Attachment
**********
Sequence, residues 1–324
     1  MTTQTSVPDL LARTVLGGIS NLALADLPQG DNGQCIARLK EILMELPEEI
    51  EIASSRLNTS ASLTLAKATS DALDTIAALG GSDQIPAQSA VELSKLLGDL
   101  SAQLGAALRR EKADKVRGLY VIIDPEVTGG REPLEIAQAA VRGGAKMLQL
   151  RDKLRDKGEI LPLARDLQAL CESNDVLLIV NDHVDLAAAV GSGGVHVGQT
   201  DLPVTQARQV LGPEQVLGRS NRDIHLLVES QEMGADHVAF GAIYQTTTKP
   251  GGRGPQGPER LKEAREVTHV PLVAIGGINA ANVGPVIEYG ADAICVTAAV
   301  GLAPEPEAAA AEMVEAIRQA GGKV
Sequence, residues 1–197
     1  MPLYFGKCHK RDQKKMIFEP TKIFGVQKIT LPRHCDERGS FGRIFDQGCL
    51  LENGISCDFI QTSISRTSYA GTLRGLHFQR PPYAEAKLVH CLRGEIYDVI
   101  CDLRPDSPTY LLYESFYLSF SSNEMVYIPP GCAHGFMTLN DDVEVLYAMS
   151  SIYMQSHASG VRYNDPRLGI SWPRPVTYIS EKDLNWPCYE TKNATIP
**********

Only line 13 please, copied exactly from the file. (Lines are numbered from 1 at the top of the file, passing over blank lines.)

   151  SIYMQSHASG VRYNDPRLGI SWPRPVTYIS EKDLNWPCYE TKNATIP